Gnocch' Out

In the spirit of continuing my culinary education, my mom asked me what I wanted to learn to make next. Although I'd made them with her before, I asked if we could make gnocchi to jog my memory since the last time had probably been over five years ago. After weighing out the ingredients we already had and the amount of time left until dinner, my mom proposed that we make potato gnocchi with a mixed mushroom sauce. I enthusiastically agreed and my stomach gurgled in assent.

For the gnocchi, we boiled the whole russet potatoes- about 2 kg- with salt in order to make the skin easier to peel and to prevent the potatoes from absorbing too much water, as this would make the dumpling dough harder to stick together. The potatoes were peeled while still warm and mashed in a strainer, after which they were left to cool completely.

In the meantime, we got the sauce ready. We chopped a mix of mushrooms- cremini, shiitake, and dried porcini (soaked beforehand)- and sauteed them in a pan with butter, oil, garlic and parsley. My mom added a touch of cream at the end.

Once the potato pulp had cooled, my mom poured it onto the floured counter, where she gradually mixed in the flour (400 g) and 2 eggs until the mixture began to stick together and take the consistency of a dough. Once amalgamated, the dough was then parsed into smaller pieces, rolled out into thick snakes, and cut into 1-inch pieces that resembled tiny pillows.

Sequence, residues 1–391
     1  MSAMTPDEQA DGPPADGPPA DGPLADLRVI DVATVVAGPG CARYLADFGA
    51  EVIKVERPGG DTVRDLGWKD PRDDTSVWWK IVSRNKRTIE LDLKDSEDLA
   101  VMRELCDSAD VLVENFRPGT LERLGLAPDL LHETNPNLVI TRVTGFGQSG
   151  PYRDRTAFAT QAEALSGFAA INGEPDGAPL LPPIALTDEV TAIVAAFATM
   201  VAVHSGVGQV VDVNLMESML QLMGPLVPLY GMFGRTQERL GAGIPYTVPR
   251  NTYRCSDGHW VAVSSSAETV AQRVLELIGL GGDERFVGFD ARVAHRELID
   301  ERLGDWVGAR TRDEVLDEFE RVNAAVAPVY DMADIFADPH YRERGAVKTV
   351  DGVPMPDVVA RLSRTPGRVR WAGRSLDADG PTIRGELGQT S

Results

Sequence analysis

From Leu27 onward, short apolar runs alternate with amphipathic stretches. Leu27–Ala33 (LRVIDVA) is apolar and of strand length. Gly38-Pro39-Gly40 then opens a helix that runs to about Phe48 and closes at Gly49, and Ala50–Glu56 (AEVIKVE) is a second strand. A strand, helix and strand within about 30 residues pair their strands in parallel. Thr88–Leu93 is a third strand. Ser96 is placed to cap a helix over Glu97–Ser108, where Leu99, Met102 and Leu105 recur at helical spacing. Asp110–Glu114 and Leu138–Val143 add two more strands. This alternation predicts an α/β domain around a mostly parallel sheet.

Then came the fun part! With a fork in one hand, each gnocco was given its grooves. This happened by taking one gnocco at a time and running it down the tines of a fork with the quick roll of an index finger. In this way, each dumpling was marked not only with beehive ridges on one side, but the indentation of the cook's finger on the other- a dimple and literal mark of the handmade. As each gnocco completed this initiation, ending its journey down the tines transformed, it was dropped on a floured kitchen towel lining a tray to await the boiling pot.

Minutes before dinner time, they were plopped a few at a time into the bubbling water, to prevent them from sticking together, and cooked for a few minutes each. My mom had propped a ceramic baking dish on top of another boiling pot of water in order to keep it warm, and transferred the cooked dumplings to this dish, where they would be kept warm while the rest also cooked.

Finally, it was time to eat. The sauce was mixed in and the fruits of our labors divided into three bowls. The servings were abundant and topped with a sprinkling of parmesan cheese. The humble and plain potato gnocco, dressed in creamy and flavorful mushrooms, turned out to be anything but.

*The proportions from this recipe produced enough for three heaping bowls and we froze the rest to be used another time.


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